Taiwan: Small but Hardly Insignificant
Even Taiwan’s protesters seem distinctly Taiwanese. According to one government official not otherwise sympathetic to the protests, the group that occupied the parliament for more than three weeks cleaned up after themselves before departing.
Last month, Washington and Taipei celebrated the thirty-fifth anniversary of the Taiwan Relations Act (TRA), the U.S. law that provides the legal underpinning for American ties with Taiwan. While this legislation is little known in this country, Taiwan rightly regards it as one of the bedrock guarantees of its future. While continuing to encourage rapprochement between Taiwan and China, the United States should also regularly remind Beijing that the TRA stipulates that any coercive attempt to determine Taiwan’s future would be considered a matter of grave concern to the United States.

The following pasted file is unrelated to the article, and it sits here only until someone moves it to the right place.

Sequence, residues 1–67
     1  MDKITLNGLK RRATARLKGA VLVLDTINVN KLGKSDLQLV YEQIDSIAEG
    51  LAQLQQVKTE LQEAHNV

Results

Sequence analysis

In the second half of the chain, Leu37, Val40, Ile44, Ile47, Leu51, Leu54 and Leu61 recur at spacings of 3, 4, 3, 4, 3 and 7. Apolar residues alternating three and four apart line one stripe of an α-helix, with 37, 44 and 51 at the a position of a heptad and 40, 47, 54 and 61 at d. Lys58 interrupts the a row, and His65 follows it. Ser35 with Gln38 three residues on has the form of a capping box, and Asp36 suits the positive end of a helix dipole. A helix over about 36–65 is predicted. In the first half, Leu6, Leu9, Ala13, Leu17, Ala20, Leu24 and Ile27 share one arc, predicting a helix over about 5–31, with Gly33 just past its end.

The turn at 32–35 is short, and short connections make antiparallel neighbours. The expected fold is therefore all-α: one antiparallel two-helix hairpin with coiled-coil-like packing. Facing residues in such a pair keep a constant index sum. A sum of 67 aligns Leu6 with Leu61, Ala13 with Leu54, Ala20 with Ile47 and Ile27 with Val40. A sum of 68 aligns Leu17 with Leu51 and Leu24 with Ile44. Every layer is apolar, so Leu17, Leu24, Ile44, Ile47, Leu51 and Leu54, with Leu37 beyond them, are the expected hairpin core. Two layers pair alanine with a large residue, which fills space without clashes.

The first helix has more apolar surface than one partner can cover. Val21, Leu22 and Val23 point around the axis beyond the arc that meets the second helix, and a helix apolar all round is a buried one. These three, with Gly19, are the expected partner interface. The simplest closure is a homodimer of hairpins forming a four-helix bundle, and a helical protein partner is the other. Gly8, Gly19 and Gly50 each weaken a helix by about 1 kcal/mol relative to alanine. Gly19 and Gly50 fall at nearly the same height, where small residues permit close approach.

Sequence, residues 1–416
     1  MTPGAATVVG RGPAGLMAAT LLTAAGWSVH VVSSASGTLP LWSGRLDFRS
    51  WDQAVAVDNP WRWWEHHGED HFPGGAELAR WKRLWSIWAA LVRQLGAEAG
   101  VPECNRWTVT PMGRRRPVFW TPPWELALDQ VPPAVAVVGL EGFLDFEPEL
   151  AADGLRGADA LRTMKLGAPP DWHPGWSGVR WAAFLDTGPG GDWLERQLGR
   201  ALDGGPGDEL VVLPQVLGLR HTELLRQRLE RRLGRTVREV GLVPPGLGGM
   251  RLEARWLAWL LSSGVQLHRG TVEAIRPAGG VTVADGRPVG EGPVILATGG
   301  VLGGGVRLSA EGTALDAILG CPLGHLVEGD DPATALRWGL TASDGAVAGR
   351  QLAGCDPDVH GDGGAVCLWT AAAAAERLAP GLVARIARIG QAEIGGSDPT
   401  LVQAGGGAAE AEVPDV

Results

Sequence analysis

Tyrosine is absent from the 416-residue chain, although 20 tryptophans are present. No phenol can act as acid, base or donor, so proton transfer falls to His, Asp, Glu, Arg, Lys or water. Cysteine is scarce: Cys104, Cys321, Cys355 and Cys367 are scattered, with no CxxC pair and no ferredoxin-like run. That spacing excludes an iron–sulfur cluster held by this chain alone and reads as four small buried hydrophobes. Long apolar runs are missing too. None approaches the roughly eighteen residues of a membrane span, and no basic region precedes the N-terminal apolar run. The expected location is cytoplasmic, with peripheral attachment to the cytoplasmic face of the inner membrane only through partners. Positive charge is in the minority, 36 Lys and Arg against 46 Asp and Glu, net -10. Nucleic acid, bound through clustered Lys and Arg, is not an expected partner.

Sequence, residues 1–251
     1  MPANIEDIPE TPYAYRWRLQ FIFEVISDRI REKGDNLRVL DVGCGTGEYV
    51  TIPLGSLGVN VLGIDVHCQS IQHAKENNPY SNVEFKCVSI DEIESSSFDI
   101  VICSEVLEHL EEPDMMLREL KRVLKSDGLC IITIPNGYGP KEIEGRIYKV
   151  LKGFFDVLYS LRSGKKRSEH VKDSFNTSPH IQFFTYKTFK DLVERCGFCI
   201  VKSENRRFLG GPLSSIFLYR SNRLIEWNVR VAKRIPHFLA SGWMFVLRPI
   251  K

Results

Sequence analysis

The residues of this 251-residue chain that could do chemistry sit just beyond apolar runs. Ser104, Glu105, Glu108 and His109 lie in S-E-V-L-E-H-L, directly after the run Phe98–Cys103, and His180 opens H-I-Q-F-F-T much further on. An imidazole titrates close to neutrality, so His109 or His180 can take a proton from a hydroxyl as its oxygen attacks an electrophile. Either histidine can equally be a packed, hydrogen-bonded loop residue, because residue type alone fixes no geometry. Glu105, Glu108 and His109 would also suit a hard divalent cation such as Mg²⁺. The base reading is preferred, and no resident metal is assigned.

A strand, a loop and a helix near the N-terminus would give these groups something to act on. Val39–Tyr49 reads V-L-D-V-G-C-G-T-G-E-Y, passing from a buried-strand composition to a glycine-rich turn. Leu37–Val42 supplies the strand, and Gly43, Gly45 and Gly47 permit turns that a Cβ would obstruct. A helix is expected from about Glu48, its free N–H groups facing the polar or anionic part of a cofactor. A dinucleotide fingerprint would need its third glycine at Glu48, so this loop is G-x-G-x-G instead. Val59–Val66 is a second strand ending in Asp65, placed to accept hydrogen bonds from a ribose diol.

A senior Taiwanese politician warned a visiting American delegation a few days ago not to underestimate Taiwan. “We may be small,” he conceded, “but we are not insignificant.” These are words worth recalling, as the United States continues to look for friends in the world.
Robert M. Hathaway is director of the Asia Program at the Woodrow Wilson Center. His latest book is New Security Challenges in Asia.
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